Very low frequency (<2 Hz) stimulation may be more effective at controlling neuropathic pain in patients with spinal-cord injury than higher frequencies (>10 Hz), according to a small, 2-subject study presented on September 28 at the 140th Annual Meeting of the American Neurological Association (ANA).
Corneliu Luca MD, PhD, University of Miami Health System, Miami, Florida and colleagues observed 2 patients with severe pain from longstanding spinal-cord injury. The patients received deep-brain stimulation (DBS) in the midbrain periaqueductal and periventricular gray areas. The patients could optimise analgesia by selecting the 1 resulting in the greatest pain relief from among several blinded frequencies.
One of the participants has a partially severed spinal cord between the T10 and T11 vertebrae, and showed almost complete analgesia when applying the lowest stimulation frequencies (mean 0.67 Hz). The other participant has a completely severed spinal cord (at C4), and experienced minimal pain relief, but also preferred 0.67 Hz over higher frequencies.
In both of these patients, visual side-effects, the only complication of stimulation, disappeared with lower frequencies. After adjustment of frequency, pain could change over several hours or more, indicating the value of slow titration.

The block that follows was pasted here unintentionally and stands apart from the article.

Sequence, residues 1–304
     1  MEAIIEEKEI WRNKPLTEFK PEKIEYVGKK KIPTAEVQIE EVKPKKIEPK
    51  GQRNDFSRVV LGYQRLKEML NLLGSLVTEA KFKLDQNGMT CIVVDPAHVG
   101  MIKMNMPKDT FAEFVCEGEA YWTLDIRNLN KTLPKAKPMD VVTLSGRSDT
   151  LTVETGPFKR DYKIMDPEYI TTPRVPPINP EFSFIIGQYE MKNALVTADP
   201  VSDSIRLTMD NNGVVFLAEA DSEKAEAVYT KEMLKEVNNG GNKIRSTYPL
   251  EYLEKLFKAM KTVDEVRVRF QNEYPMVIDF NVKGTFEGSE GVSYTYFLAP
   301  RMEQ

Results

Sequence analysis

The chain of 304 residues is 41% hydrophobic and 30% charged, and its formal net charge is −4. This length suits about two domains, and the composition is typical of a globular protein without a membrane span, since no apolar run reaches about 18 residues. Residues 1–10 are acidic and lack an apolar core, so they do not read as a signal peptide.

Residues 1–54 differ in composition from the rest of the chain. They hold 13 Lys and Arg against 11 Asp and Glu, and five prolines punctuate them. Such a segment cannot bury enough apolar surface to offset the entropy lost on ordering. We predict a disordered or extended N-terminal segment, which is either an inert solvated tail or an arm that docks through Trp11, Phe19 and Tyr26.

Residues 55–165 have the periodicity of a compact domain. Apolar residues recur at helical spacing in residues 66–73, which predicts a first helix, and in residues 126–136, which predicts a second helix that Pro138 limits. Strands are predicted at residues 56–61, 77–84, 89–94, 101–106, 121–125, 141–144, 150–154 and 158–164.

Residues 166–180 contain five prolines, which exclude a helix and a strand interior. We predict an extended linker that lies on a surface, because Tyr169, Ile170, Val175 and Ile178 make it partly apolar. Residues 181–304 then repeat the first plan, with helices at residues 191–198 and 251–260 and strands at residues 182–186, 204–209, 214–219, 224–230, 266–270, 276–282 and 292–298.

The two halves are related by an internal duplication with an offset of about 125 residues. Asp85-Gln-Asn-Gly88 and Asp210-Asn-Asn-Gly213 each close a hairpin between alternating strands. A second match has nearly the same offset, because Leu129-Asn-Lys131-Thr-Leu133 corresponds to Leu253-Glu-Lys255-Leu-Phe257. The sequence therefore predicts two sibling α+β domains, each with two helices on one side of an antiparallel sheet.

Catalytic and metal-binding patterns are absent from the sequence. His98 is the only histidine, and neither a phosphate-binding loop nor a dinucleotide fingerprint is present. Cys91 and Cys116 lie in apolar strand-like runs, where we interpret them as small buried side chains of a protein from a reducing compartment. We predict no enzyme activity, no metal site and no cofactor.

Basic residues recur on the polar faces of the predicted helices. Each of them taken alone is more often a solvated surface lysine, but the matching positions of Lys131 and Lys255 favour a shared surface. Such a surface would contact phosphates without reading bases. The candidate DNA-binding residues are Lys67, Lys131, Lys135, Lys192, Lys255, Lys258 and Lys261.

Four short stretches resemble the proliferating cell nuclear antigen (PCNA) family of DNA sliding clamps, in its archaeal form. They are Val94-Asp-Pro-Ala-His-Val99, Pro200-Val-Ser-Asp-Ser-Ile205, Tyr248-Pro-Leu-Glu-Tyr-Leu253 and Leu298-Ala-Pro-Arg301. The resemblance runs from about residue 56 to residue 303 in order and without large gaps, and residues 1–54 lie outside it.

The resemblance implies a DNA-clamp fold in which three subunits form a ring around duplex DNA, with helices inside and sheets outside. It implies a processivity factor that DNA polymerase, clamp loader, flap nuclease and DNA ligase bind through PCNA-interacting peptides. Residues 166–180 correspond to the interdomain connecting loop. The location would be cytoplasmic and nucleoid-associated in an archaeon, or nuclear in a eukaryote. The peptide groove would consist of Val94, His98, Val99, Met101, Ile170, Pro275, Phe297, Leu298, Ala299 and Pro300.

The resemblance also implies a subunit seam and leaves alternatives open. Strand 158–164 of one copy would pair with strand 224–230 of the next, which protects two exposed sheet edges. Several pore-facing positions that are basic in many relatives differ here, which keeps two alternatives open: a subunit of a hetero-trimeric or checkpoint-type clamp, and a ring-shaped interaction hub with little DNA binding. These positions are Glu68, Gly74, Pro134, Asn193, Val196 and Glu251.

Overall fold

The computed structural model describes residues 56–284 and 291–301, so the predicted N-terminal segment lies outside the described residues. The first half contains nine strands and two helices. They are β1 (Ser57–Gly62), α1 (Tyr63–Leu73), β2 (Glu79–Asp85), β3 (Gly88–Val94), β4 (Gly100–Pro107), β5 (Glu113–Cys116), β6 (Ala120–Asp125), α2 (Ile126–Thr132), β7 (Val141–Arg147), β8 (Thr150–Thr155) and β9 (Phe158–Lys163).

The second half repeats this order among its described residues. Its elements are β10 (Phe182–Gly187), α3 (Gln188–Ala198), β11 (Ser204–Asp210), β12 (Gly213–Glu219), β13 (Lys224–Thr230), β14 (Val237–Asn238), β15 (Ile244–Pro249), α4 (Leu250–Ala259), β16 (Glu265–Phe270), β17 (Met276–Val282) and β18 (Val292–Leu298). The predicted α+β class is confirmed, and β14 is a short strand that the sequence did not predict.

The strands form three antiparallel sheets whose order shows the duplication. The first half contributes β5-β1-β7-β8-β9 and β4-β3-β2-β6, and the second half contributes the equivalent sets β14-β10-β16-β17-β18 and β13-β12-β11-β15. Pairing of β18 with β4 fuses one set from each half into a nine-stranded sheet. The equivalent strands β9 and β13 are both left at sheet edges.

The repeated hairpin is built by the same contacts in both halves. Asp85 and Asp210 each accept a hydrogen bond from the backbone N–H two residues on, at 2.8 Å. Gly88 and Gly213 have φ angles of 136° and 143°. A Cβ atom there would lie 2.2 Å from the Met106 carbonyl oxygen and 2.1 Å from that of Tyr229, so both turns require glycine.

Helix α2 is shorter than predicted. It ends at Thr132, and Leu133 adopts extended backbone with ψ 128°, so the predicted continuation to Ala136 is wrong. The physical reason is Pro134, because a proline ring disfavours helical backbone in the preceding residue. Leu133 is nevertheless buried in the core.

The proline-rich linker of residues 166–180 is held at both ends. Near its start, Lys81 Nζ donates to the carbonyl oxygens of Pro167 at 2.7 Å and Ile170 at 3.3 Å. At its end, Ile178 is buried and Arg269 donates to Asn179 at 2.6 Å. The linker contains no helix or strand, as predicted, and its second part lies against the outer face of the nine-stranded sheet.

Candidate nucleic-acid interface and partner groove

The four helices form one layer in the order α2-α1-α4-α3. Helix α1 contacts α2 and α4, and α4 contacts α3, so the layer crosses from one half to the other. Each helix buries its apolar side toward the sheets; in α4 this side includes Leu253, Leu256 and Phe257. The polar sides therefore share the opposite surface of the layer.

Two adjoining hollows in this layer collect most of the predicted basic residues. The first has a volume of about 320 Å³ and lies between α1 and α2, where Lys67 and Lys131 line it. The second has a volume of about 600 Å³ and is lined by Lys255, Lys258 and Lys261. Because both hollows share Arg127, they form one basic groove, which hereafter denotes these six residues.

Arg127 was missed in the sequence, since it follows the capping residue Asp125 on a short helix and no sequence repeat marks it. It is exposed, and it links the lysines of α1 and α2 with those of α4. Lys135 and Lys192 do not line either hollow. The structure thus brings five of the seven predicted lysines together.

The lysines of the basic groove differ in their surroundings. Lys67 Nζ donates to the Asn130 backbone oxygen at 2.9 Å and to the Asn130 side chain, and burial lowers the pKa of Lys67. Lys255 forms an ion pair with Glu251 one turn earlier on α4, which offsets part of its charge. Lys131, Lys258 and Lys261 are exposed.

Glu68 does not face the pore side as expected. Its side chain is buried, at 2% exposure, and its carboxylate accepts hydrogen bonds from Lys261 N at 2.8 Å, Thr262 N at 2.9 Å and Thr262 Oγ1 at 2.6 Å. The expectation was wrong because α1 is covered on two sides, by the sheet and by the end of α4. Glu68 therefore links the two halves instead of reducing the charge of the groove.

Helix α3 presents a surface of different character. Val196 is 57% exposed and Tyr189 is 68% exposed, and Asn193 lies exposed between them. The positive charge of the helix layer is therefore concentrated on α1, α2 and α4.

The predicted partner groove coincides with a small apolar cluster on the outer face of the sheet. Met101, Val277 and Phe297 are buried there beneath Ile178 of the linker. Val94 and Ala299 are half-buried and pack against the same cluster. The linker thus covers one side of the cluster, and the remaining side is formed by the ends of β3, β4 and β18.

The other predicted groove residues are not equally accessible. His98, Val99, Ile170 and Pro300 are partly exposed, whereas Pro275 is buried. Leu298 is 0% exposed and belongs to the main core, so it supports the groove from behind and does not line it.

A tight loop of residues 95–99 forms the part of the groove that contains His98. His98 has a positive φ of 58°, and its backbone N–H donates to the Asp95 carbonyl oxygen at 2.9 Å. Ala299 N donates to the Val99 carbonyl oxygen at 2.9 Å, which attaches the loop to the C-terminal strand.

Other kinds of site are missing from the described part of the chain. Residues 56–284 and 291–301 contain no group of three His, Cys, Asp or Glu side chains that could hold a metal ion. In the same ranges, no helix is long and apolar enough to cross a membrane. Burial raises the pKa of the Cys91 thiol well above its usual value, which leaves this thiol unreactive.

These findings suggest that very low frequencies should be applied “whenever DBS is used for prolonged, continuous direct excitation of a pathway,” the researchers concluded.
Dr. Luca also noted that this was the first time very low frequency stimulation of brain nuclei was used to treat pain in patients with spinal-cord injury. “Our results may affect the way clinicians treat pain in patients with spinal-cord injury in the future,” he said.
Randomised, controlled trials are required to confirm these findings.
DBS of the periaquedactal gray and periventricular gray matter has been used for several decades to control chronic pain, including neuropathic pain experienced by patients after spinal-cord injury.